Earth Sheltered Homes

earth sheltered him honingham
“Another type of building is emerging: one that actually heals the scars of its own construction. It conserves rainwater and fuel and it provides a habitat for creatures other than the human one. Maybe it will catch on, maybe it won’t. We’ll see.” – Malcolm Wells, 2002.

The earth sheltered home uses the ground as an insulating blanket which effectively protects it from temperature extremes, wind, rain and extreme weather events. An earth sheltered home is energy-efficient, quiet, freeze-proof and low maintenance. Aesthetically an earth sheltered home blends in with the natural environment, leaving more yard space and more space for wildlife.

Fifteen feet below ground, the soil maintains a fairly constant temperature equal to the annual average temperature of the area’s surface air. If the average temperature in your area is 55, that means the soil temperature at 15 feet is 55 degrees and in the winter you will only have to bring the temperature inside your earth sheltered home up thirteen degrees, to bring it up to a comfortable 68 degrees. That’s instead of bringing up the inside temperature 68 degrees, if your home is above ground and the outside wind chill is 0.

In the summer, that 55-degree soil will also keep your home much cooler than an above ground home. Many earth homes incorporate passive solar designs, lessening even further the need for fuel for heating or cooling.

Here is a tour of an 1,900 square foot earth-sheltered home built by architect Alan Shope. Shope explains how earth-sheltering mitigates against cold. The 54 F degree temperature of the earth acts as a “blanket” around the house, he says. Includes video of the building process. Everything about the building is recycled—including the paving stone, which was the floor of old jail cells. The exterior was copper flashing of a mental institution. The window faces south, so that it warms the two-foot-thick concrete floor. Even on a cold day, the floor stays warm from being heated by the sun.

The 2 Types of Earth Sheltered Homes

Earth Sheltered: Dirt covers three exterior sides and the roof (the walls are most often concrete).

Earth Bermed: Dirt is pushed up against the exterior walls only, and not onto the roof, yet the roof is usually super-insulated.

28 Stunning Earth Sheltered Homes

These home designs are not only environmentally friendly, but truly spectacular.

1) Cooper Pedy, Australia


In Coober Pedy, Australia, daytime highs often climb into the 100s and many have taken up residence in abandoned opal mines to beat the heat. Some of the homes can be rented for overnight stays.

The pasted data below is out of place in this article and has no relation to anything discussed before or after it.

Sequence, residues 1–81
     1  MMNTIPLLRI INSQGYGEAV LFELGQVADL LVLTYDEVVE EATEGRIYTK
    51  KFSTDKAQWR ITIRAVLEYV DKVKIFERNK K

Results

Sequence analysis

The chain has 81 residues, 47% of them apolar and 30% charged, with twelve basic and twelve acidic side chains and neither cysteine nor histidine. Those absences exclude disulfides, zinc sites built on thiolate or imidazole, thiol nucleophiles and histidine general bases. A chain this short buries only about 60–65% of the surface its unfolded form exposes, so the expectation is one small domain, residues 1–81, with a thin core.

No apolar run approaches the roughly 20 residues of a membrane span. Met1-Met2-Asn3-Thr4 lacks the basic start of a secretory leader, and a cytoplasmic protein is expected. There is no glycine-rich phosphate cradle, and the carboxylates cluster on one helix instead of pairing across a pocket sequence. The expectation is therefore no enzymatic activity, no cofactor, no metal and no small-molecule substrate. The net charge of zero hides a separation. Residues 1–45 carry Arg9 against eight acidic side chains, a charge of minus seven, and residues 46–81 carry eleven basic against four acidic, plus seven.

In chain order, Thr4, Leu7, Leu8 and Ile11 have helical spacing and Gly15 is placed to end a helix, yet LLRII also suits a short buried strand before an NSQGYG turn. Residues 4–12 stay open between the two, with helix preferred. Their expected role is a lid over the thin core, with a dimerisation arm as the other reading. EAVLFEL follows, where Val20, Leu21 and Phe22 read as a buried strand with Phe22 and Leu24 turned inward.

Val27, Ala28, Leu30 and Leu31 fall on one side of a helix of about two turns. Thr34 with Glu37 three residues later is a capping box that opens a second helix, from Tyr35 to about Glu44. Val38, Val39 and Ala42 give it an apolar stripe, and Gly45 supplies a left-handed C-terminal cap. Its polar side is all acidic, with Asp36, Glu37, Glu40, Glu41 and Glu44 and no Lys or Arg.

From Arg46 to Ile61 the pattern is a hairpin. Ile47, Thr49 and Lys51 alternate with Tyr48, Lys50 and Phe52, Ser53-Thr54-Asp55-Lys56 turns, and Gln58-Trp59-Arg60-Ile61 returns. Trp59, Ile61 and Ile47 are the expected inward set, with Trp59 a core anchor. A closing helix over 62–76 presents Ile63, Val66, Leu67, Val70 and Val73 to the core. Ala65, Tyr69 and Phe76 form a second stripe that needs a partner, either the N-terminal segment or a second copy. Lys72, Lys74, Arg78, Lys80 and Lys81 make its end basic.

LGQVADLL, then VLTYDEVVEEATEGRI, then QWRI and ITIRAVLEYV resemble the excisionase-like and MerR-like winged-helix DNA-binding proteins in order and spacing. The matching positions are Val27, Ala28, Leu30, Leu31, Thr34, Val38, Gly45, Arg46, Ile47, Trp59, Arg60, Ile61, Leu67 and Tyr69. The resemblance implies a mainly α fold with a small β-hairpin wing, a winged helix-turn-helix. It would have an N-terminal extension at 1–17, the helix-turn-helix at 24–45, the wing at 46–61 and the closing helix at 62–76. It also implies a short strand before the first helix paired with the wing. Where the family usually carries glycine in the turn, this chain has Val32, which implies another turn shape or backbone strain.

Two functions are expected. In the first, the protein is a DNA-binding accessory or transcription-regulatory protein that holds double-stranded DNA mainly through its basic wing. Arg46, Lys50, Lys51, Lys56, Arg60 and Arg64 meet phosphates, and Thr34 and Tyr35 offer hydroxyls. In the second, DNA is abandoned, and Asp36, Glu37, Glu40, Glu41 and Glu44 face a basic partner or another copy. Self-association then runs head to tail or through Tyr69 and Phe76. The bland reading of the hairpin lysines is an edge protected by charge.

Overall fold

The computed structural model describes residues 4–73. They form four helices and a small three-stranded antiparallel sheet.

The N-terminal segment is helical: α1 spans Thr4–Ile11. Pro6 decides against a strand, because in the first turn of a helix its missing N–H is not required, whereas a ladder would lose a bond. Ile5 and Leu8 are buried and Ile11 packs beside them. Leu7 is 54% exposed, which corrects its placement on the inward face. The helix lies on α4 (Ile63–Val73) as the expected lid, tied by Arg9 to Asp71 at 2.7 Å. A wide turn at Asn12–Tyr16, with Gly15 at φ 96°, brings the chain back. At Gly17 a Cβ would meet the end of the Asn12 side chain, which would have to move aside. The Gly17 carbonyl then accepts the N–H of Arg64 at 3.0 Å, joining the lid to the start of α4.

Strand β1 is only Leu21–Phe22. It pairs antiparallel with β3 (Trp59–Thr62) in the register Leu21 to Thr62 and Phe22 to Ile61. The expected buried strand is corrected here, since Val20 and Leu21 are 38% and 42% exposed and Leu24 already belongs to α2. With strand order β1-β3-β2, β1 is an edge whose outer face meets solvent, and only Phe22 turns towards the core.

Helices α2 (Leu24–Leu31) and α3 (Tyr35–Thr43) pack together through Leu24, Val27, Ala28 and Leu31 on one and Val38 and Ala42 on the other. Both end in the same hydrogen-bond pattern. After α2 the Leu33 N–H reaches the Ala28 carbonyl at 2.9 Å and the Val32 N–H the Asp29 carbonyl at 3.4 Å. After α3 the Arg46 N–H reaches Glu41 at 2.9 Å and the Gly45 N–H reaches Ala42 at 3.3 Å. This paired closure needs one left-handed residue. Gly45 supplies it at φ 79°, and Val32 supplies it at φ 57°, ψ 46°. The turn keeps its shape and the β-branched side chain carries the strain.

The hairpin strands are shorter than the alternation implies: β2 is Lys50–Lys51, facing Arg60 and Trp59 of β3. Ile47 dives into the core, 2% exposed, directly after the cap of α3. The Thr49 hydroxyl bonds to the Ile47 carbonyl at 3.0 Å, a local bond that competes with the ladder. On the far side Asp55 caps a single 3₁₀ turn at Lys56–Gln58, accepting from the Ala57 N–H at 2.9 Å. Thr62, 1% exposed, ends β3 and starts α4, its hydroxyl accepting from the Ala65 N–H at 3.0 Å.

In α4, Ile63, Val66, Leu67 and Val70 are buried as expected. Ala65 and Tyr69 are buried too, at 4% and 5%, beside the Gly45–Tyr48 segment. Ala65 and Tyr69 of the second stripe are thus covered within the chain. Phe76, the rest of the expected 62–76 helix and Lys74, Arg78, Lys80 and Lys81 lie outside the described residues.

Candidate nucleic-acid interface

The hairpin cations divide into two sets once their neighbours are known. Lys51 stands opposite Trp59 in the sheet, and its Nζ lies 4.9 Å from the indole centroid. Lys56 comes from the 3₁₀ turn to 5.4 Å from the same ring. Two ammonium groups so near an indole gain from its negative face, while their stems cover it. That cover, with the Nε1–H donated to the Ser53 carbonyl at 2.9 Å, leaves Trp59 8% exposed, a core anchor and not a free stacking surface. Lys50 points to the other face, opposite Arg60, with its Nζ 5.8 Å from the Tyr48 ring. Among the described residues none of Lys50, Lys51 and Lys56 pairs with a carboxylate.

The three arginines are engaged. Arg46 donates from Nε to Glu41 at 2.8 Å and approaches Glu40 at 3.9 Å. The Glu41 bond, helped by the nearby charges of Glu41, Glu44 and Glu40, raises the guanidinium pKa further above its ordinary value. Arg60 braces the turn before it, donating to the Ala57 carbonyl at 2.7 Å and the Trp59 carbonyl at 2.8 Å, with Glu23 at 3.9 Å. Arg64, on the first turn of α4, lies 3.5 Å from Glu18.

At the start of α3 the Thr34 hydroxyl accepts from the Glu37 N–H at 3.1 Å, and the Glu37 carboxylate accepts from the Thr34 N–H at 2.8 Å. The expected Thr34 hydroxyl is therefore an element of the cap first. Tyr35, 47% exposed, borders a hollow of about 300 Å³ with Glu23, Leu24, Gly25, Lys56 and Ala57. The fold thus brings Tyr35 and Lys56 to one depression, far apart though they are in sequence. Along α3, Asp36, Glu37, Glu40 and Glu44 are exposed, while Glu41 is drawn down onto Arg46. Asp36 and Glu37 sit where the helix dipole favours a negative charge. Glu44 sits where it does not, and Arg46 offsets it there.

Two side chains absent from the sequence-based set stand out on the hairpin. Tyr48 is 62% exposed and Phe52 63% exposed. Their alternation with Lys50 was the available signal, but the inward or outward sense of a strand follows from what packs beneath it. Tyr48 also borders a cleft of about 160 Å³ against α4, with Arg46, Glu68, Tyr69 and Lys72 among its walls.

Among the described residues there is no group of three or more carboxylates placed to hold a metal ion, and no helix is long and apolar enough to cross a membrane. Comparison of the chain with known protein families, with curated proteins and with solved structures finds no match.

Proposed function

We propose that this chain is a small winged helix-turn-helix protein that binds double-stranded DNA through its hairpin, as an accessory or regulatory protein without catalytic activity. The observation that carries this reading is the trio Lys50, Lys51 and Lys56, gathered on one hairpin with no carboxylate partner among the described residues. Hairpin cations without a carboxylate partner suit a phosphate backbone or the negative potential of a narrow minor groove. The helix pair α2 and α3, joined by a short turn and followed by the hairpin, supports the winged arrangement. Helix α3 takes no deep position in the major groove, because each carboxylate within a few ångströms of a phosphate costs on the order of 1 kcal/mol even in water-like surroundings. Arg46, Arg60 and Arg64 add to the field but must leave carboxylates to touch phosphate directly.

2) Outer Hebrides Islands, UK

earth sheltered home

This earth-sheltered house, in the wilds of the Outer Hebrides, provides a perfect living environment for harsh weather. This home’s support walls are constructed of PolarWall (polystyrene).

3) The Sedum House, North Norfolk, UK


An award winning earth shelter dwelling by Cam Architects. The Sedum House, in Gimingham, North Norfolk, UK, incorporates green technology in the form of ground source heat pumps, photovoltaic panels and a whole house ventilation system. The use of highly insulating ICF in the walls makes for a very low energy use dwelling. Note the sunken room on right.


Side wall of the Sedum House.

4) Earthship Farmstead, Virginia Mountains

Kaplan Thompson Architects did an amazing job with the structure of this building. They used their experience with building “net-zero” homes to create this eco-friendly home.

5) Pinnacle House, New Hampshire


Earth-sheltered Pinnacle House is an award-winning, sustainably-designed home in Lyme, New Hampshire. The home was designed and built by architect Don Metz in 1971, a pioneer in green home design and construction. The north-side of the house is built into the hillside, creating a green roof through the use of earth-sheltered building techniques. The house faces due south, offering passive solar gain and spectacular views from every room.

earth sheltered home - Pinnacle house

Pinnacle House interior.

6) Underhill, Yorkshire, UK

earth sheltered home - Undersell

Underhill, near Holmfirth, Yorkshire, UK. “The first ‘modern’ earth-sheltered house in Britain and the home of its architect Arthur Quarmby, a pioneer of earth-sheltered buildings. The house features earth embankments, turf roof, lots of insulation and a visual impact that not even the pickiest of neighbors could fault.” Photo by Martin Bond Photos

Earthbag Underground House: Time-Lapse Video

Six months of building this earthbag underground home at a commune in Ecuador, shown in two minutes. First up in the excavation, all done by hand. Next, the earth bags are laid in place. Wooden beams are laid across to form the roof, then metal sheeting laid across the beams. More sandbags are put in place to form a loft area. Then earth is laid over the lower-roof area, and stucco put around the exposed bags. Very cool (figuratively and literally).

7) Farm in New Zealand


Earth Sheltered Rainbow Valley Farm, New Zealand. The solar design maintains the temperature in the building, creating an escape from the heat. Photo by